Halibut (Winter Catch)

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Whether you already love halibut, or have tried it and weren't too keen, you need to try mine. Here's the reason, small halibut taste so much better than larger ones that they may as well be a different species. I only keep the smaller fish (15-30 lbs.). The vast majority of halibut sold around the world is from larger fish. Not only are the small ones more delicious, they are also a more sustainable size to catch. If you've had halibut elsewhere, chances are it was from a big fish, which means dry and tough. My little, sustainable halibut are moist and sweet and can't be beat.

Preorder Preorder Period:
Jan. 1, 2021 - March 7, 2021

Your seafood will ship FedEx March 21 or 22, 2022. This page details shipping rates: https://salmonandsable.com/pages/shipping

I offer halibut in portions only. Portions are about 1 lb. each, but as small as 0.75 lbs. or as large as 2 lbs. each. I remove the skin for your convenience.

Halibut is naturally boneless!

My halibut are vac sealed in heavy 4 or 5 mil bags. Your fresh-frozen seafood will keep in your freezer in pristine condition for at least 8 months.

Who, Where, when, & How:

  1. Who Caught It?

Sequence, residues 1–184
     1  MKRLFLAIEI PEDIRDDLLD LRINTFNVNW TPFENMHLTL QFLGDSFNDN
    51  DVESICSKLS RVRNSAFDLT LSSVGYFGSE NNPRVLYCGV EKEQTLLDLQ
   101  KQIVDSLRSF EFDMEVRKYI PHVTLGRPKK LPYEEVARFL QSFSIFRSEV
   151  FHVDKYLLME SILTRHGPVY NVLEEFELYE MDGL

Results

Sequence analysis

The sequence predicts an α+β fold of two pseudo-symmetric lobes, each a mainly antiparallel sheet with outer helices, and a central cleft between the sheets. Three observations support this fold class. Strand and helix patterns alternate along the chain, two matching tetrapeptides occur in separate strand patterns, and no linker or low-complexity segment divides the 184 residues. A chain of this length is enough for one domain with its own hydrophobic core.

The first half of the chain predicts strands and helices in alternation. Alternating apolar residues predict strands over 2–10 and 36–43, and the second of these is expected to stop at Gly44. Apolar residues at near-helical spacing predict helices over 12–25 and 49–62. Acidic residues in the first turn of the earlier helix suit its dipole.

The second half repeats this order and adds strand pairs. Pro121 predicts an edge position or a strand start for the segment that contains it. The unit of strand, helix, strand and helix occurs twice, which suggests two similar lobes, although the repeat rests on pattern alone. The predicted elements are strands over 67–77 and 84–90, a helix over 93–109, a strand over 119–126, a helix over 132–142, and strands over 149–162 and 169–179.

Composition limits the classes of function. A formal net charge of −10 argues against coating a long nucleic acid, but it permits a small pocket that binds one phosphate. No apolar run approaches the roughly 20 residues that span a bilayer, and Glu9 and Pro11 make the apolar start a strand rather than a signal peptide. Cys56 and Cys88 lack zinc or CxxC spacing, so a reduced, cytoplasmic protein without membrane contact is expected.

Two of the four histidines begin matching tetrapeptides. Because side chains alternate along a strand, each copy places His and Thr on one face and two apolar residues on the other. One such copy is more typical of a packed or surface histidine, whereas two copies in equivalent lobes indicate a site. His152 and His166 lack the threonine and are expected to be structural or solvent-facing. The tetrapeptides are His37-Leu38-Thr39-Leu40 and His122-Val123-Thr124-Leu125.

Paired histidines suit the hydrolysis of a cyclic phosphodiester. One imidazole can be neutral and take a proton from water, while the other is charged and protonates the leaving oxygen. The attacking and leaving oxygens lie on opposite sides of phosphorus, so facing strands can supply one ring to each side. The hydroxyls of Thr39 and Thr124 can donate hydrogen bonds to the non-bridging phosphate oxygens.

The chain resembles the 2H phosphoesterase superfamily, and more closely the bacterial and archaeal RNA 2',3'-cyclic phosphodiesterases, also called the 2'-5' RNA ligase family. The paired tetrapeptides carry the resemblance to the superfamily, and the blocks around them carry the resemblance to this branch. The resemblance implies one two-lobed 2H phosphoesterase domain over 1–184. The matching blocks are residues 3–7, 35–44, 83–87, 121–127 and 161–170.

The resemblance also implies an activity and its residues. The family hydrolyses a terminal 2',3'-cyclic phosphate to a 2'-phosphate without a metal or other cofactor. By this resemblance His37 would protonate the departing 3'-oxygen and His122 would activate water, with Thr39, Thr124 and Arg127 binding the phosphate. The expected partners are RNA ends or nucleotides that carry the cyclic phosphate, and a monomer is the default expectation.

Until I can save my pennies and nickels for halibut IFQ (the permit that allows me to fish this species), I will continue to procure my halibut from my good friend in southeast Alaska and Kodiak.
  2. Where Was it Caught?
    Kodiak, Alaska or Southeast, Alaska.
  3. When is this Species Caught?
    Halibut fishing is open March through November most years. 
  4. How was this Caught?
    Halibut is caught by hook and line. 

A thing or two about halibut:

  • Baby halibut swim vertically in the water column with one eye on each side of their head. As they mature, they settle to the bottom and one eye migrates to the other side of their head. This is called orbital migration. As adults they rest flat on the bottom with both eyes on the top.
  • Nearly all halibut have both eyes on the right-hand side of the fish. About 1 in every 20,000 halibut has its eyes on the left side. I got one once and in my overworked delirium, I stopped and stared at it for about 5 minutes before I could proceed with filleting. We call them left handed halibut.


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